How do we as weak, sinful people, even though we are forgiven, find the rest that comes through humble, faithful obedience to God? Through the help of our High Priest, Jesus the Son of God. These following points are in W.H. Griffith Thomas' commentary on Hebrews.) 1) By remembering we "have" Him – "since we have a great high priest"  we can go to Him for His power to obey God; 2) to be spiritually persistent – let us hold firmly to the faith we profess (to what we believe)."  3) to know we have spiritual freedom "to come boldly to the throne of grace" even if we sin but more so in the moment of our temptation to sin; 4) "so that we may receive mercy" – to receive mercy if/when we sin versus days of condemnation from Satan and self; 5) and find grace to help us in our time of need" – we receive mercy for a sin already committed (past) but we can look for (1 Cor. 10:13) and find grace (in the present moment) to help before we sin. Jesus suffered when tempted to sin (Heb. 2:18) more than sinful man does because the one who resists the temptation to sin feels the full impact of the sin more than the one who yields to sin. He could not sin because He would not sin. "Nevertheless, Thy will be done."  He always willed God's will. As believers we can now exercise our will to resist sin even as we suffer in our resistance to sin as Jesus did and find the rest of faithful obedience that our Lord continually experienced as a Man. (See Matthew 11:28-30; Psalm 40:7-8; John 4:34)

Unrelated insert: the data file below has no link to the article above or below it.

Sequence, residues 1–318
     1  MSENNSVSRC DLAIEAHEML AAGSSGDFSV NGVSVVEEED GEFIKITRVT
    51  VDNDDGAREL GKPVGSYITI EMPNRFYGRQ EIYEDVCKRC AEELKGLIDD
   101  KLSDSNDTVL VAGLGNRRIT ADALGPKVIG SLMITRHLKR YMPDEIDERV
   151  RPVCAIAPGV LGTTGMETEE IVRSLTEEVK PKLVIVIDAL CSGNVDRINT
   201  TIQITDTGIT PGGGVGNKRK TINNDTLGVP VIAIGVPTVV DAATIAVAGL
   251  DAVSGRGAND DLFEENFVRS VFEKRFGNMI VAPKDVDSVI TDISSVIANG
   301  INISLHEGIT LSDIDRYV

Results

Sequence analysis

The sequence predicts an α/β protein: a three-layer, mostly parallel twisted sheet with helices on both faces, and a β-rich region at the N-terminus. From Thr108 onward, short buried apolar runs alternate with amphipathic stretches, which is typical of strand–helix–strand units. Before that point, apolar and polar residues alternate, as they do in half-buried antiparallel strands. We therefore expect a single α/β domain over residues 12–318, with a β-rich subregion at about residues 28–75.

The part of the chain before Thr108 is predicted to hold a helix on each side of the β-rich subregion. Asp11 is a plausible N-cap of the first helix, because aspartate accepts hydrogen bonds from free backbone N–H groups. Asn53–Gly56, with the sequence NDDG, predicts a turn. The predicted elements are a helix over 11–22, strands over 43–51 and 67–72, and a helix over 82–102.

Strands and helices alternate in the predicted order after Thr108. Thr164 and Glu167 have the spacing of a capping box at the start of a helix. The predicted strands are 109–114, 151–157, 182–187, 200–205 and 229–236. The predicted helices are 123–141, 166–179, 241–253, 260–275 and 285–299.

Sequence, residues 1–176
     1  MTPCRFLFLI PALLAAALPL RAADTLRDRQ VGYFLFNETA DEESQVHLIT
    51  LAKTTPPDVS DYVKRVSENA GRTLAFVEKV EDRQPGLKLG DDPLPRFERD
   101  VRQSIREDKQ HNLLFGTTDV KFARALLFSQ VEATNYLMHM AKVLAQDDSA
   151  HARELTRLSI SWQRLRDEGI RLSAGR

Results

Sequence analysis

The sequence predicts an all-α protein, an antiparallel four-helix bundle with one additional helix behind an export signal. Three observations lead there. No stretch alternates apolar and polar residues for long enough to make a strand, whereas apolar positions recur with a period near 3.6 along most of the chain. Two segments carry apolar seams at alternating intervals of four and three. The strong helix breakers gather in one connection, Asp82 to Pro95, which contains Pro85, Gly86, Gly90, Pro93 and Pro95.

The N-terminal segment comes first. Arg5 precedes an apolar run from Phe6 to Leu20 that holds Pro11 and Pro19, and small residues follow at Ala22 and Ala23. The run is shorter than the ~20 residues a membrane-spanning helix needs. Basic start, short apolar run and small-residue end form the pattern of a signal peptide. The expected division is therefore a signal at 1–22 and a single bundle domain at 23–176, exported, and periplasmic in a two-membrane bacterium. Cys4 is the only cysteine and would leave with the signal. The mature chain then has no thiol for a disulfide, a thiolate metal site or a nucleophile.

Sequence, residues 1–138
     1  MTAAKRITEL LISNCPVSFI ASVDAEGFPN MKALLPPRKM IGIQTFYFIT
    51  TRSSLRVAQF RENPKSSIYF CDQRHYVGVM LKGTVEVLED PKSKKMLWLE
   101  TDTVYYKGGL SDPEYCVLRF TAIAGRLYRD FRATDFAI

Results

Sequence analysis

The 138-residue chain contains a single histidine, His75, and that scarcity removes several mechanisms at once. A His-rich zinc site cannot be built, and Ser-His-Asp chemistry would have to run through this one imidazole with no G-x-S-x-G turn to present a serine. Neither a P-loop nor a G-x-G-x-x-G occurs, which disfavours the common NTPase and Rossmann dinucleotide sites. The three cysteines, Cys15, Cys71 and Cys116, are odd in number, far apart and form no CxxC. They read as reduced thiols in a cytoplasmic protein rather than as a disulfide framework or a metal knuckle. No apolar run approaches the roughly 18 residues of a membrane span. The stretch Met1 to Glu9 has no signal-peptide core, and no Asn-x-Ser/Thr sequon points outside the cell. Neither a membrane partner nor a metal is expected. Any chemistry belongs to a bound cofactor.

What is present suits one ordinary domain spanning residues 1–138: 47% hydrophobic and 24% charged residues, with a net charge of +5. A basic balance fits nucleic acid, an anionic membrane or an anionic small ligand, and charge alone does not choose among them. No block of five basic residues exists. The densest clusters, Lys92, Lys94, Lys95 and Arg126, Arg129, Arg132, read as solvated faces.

1) We are told to do our best to receive God's rest. How do you picture God's rest? Share what it means to you in your day to day life.

2) Why didn't most of the Israelites enter the Promised Land and receive God's rest, and how can that apply to us today?

3) How does God's Word lead us to true rest (versus fleeting happiness) with God?  How does Romans 10:17 apply to finding God's rest?

4) Explain what it means to you to have Jesus as your great High Priest. How did He suffer when He was tempted  (Heb. 2:18) and how does that apply to us?  

5) Which of the five points from W.H. Griffith Thomas on how to find the rest that comes through humble, faithful obedience to God, do you find the most helpful and why?

6) "Then Jesus said to them, "The Sabbath was made to meet the needs of people, and not people to meet the requirements of the Sabbath." (Mark 2:27 NLT)  How can the Sabbath "meet our needs" today and how does this relate to true rest with God?